PORT ANGELES — Port Orchard residents are close to taking away their city as an example held up by Port Angeles fluoridation opponents who want to change Port Angeles from a municipal-code city to a second-class city and re-elect an entirely new City Council early next year.
The Port Orchard City Council is heading in the other direction, unanimously voting March 28 to change the city’s classification from second-class to code status.
Port Orchard residents have until June 26 to file a petition to put the matter to voters.
With about 30 days left, Port Orchard city officials have yet to receive such a petition, City Council member Bek Ashby said Monday.
Ashby said there was no public opposition to the change in a town hall meeting and hearing.
In addition, an online survey showed support for the switch, she said.
Eighty percent of 148 Port Orchard residents who responded out of more than 13,000 residents favored becoming a code city.
In the same survey, 59 percent said the council should make the decision, while 41 percent said voters should decide.
Bek said one argument against voting was that an election would have cost the city $12,000-$15,000.
She said participation in Port Orchard’s online survey is in keeping with a general lack of participation in such surveys.
“It sounds to me like a significant sample,” she said.
“It tells me that people weren’t that concerned about it.”
Port Angeles is going against that grain.
It would be the first city in state history to go from code-city status to second-class city under a proposal organized by the anti-fluoridation group Our Water, Our Choice!, which proposed the change “in order to elect a full new city council,” according its ballot petition, which received overwhelming support.
In municipal-code cities, residents have home-rule powers, such as putting together voter-inspired initiatives that in some cases grant additional powers to cities.
In second-class cities, residents have only those powers explicitly or implicitly granted under state law and cannot hold initiatives and referendums.
“Under the code, cities may take any action on matters of local concern so long as that action is neither prohibited by the state constitution nor in conflict with the state general law,” according to the Municipal Research and Services Center’s “Code City Handbook” (http://tinyurl.com/PDN-CodeCity).
Bek said she was at first skeptical of making the change to municipal-code city.
“When I looked into it, I realized it was really a home-rule issue, that our code had not been updated since 1997,” she said.
“It just made sense that we would become a code city.
“If you want the state to manage your city, you want to be a second-class city.
“If you want your government to manager your city, you want to be a code city.
“I don’t know why the people of Port Angeles are interested in going backward.
“If they have issues with a particular council member, they have the opportunity to elect new council members every four years.”
Port Orchard voters rejected the classification change in 2013, but the proposal had the caveat of getting rid of the city’s elected, strong-mayor form of government in favor of a weak-mayor, city-manager form of government.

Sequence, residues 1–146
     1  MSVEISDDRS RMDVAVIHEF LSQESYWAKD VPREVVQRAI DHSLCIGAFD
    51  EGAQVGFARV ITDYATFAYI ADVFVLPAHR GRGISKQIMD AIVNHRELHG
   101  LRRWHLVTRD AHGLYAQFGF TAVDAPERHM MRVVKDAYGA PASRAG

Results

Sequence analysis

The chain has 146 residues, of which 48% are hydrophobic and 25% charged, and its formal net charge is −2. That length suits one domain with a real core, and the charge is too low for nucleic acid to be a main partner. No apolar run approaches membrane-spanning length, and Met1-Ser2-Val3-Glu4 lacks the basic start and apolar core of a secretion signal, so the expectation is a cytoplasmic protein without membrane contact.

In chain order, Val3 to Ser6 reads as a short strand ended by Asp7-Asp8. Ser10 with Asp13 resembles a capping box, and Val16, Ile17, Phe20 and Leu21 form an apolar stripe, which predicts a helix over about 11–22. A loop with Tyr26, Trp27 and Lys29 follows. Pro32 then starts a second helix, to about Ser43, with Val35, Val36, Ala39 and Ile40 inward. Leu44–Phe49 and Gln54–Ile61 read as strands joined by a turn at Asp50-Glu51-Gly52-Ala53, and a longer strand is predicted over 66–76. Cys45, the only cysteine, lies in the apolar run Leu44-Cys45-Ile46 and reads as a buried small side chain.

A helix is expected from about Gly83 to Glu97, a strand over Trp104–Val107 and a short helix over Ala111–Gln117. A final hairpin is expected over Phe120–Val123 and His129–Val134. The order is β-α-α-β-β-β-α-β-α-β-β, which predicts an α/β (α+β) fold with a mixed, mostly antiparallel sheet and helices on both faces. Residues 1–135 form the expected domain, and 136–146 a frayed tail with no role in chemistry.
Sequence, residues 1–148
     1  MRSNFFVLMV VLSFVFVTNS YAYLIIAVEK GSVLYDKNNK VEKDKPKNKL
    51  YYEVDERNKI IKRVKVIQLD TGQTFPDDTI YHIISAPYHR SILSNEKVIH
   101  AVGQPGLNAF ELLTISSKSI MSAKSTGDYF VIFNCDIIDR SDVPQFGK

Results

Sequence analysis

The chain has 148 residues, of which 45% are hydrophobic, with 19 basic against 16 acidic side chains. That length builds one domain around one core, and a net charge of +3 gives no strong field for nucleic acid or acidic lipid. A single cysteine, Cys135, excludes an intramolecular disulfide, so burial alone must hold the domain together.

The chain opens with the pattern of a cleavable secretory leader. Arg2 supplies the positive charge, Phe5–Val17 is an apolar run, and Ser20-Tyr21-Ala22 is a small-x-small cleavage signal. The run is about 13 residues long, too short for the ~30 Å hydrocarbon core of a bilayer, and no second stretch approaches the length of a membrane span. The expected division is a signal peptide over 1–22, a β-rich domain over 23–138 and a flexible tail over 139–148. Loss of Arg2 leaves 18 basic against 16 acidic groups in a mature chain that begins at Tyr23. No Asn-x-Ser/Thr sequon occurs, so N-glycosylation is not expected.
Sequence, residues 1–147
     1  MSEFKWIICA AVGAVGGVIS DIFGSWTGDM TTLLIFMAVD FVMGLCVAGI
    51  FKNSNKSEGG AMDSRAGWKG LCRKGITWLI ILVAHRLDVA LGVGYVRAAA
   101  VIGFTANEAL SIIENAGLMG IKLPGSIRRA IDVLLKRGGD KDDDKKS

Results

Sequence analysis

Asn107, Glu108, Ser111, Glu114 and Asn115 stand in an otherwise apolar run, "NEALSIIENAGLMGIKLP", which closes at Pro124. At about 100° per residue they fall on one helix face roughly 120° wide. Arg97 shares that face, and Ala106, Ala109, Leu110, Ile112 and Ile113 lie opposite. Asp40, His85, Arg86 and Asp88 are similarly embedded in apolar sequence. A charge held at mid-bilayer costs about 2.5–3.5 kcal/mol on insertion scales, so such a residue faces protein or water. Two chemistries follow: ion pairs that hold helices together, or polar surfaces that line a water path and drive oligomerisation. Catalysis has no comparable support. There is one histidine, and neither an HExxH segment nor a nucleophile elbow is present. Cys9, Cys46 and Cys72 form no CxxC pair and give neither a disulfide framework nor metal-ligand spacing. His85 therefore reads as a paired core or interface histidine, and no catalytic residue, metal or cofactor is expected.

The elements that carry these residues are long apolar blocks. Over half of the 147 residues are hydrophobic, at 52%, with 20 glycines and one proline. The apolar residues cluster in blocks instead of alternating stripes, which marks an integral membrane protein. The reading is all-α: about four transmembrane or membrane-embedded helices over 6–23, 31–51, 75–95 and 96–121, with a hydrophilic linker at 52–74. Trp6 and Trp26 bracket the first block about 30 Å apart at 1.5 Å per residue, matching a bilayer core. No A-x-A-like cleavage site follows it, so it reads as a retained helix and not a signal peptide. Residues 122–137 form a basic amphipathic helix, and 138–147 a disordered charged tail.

Port Orchard’s newest proposal would keep the elected mayor as the city’s top administrator, changing just the classification.
The Our Water, Our Choice! proposal would keep Port Angeles’ city manager-council government, keeping the city manager as the top administrator and limiting the mayor’s powers to running council meetings.
Our Water, Our Choice Vice President Mike Libera, who lives outside the city limits, said Monday that Port Orchard voters should have been allowed to vote on the issue instead of the City Council making the decision.
“I believe a minority is pushing it through right now,” he said Monday, pointing to the low number of Port Orchard residents who responded to the survey.
Our Water, Our Choice! last year gained overwhelming support for putting the second-class-city proposal to the voters as a response to the City Council’s refusal to stop fluoridation of the municipal water supply and its refusal to follow the anti-fluoridation mandate expressed in an unscientific survey of city water ratepayers.
Since then the City Council stopped fluoridation, agreed to abide by a fluoridation advisory vote this fall and will require public-comment sessions at city advisory committee meetings — answering another criticism of Our Water, Our Choice!.
Libera suggested that Our Water, Our Choice!’s goal in pushing for the second-class designations was largely about getting the City Council’s ear.
“We came up with this as sort of an effort of a last gasp,” he said.
“We didn’t have many tools, many arrows left in our quiver to get the city’s attention.
“The reason we did that, went ahead with the change in government, was to get their attention, and I have to admit it, it did work.”
With the Nov. 7 election on the second-class-city proposal about five months away, Our Water, Our Choice! is still in favor of the measure, though not in full-throated fashion.
“Generally speaking yes, we are,” Libera said.
“We have an obligation to the people we talked to and signed on and were angry enough to want a new city government.”